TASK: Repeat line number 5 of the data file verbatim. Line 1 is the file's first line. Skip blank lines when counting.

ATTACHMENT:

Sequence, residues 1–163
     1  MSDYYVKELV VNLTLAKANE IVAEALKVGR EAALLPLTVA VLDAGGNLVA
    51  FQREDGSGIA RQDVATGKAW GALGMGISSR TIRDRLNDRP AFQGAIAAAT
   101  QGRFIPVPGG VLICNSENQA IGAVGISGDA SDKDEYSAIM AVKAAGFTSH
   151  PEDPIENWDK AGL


   151  PEDPIENWDK AGL